The Conflicting Legacy of Alfred Nobel: Dynamite and the Peace Prize

The Conflicting Legacy of Alfred Nobel: Dynamite and the Peace Prize
Lucretia Garfield: Science, Medicine, Inventions and tech

Skill: High School/College
Time Required: One to two weeks


Standards Compliance
NCSS Strand 3
People, Places, and Environments
NCSS Strand 8
Science, Technology, and Society
NCSS Strand 9
Global Connections
NCTE Standard 6
Students apply knowledge of language structure, convention, and media techniques to create, critique, and discuss texts.
NCTE Standard 7
Students conduct research by generating ideas, questions, and problems. They gather, evaluate, and synthesize data.
NCTE Standard 12
Students use spoken, written, and visual language to accomplish their own purposes.
ISTE Standard 5
Technology research tools

Introduction:

In 1867, while James A. Garfield was serving in Congress and Lucretia and the children were living with him in Washington, Swedish chemist and inventor Alfred Nobel patented the first stable explosive since gun power, calling it dynamite.  Used mainly in construction work, dynamite has also been used in warfare. Nobel, hoping to counter the humanly destructive uses of his invention, left the bulk of his fortune to establish five annual prizes to be awarded to people making outstanding contributions to the world in literature, chemistry, physical science, medical science or physiology, and finally, peace.

Objectives:

Students who participate in this activity will learn something about dynamite, but, more importantly, will learn about the Nobel Peace Prize and some of its recipients.  Students will study the lives of selected Peace Prize recipients and create a classroom Peace Hall of Fame.

Materials Required:

Access to the Internet; access to print materials on Alfred Nobel, if available; art supplies.

Procedures:

Introduce the lesson by telling students that they will be creating a classroom Peace Hall of Fame, consisting of a set of posters depicting recipients of the Nobel Peace Prize.  To begin, ask students if they have ever heard of the Peace Prize, or if they know anyone who has received it.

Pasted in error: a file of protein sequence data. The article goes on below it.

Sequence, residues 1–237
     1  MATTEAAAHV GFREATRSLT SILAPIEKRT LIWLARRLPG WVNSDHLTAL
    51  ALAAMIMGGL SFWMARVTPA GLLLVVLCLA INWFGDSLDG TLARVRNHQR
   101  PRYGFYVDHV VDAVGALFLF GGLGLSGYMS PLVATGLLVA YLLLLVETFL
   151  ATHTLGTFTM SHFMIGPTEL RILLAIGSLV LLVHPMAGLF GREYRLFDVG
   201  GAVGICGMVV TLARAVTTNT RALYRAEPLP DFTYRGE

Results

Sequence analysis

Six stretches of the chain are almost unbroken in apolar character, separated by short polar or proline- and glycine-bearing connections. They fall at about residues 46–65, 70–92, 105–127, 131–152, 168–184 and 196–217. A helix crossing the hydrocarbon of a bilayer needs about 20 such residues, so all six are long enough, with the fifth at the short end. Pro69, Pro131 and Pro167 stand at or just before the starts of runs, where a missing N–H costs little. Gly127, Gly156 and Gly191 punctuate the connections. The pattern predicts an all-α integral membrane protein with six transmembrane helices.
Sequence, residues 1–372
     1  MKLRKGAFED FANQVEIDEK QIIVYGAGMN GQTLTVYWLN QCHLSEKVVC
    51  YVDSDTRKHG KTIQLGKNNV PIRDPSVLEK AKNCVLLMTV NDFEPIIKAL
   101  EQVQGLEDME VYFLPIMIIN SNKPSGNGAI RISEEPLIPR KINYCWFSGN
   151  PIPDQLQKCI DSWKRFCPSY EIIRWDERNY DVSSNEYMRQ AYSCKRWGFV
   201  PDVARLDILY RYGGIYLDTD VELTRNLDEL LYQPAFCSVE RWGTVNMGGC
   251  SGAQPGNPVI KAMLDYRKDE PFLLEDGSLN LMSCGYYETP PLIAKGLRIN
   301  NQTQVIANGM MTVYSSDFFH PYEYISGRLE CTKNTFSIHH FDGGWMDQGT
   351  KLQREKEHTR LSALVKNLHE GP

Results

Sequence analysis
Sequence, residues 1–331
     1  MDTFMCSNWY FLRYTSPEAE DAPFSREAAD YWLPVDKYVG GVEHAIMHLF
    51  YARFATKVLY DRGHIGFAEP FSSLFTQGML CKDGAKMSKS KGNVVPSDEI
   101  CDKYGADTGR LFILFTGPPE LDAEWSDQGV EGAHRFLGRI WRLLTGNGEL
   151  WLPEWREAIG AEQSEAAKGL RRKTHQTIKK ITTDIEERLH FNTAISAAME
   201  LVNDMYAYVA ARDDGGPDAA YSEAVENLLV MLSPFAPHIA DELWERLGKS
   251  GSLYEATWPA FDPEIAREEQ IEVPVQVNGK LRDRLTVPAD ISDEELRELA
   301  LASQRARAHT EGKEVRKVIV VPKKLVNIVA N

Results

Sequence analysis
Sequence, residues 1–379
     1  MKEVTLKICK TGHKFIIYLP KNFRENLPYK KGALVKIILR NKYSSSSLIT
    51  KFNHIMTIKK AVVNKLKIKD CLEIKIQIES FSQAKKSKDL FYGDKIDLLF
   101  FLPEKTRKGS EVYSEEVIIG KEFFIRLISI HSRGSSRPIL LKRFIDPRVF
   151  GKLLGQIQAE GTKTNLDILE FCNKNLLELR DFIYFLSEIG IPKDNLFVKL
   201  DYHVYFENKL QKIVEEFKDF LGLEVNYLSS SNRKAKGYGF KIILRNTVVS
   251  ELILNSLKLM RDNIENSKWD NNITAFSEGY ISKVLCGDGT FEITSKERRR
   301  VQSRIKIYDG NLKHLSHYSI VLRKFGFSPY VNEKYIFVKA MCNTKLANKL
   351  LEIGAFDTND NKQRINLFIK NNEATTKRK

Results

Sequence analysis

Using the first three websites listed below, divide the class into four groups.  Assign each group one of the following research topics: 
  • A short biography of Alfred Nobel
  • A short history of dynamite
  • Nobel’s contributions to science generally
  • Nobel’s ideas on war and peace

When the research has been completed, allow time for each group to present its findings—students may select the manner of presentation or the teacher may stipulate a written report, a PowerPoint presentation, or an oral report.
 
Then, divide the class into groups of two.  Using the website on Nobel Peace Prize Laureates (below), each group should select one Nobel Peace Prize laureate (make sure that there are representatives from each of the eleven decades since the first prizes in 1901).  Each dyad should create a poster depicting the life and work of the laureate it has chosen, highlighting the reason for his or her Peace Prize. 
 
When the posters are complete, have students hang them in the room and invite other classes in the school to visit the Peace Hall of Fame.
 

Extending the Lesson:

This lesson might be extended by having students investigate other Nobel recipients—in literature or the sciences—and create Halls of Fame for those individuals.

Sources & Resources:

Books:
 
Bankston, John.  Alfred Nobel and the Story of the Nobel Prize. Mitchell Lane Publishers, 2004.
 
Skagegard, Lars-Ake.  The Remarkable Story of Alfred Nobel and the Nobel Prize, 2nd ed. Uppsala Universitet, 2000.
 
Websites: 
  
            Alfred Nobel on Wikipedia 

            History of Dynamite 

            Alfred Nobel: His Life and Work 
                  
            Nobel Peace Prize Laureates 

 
Credits:
 
This lesson was developed by Averil McClelland, Kent State University.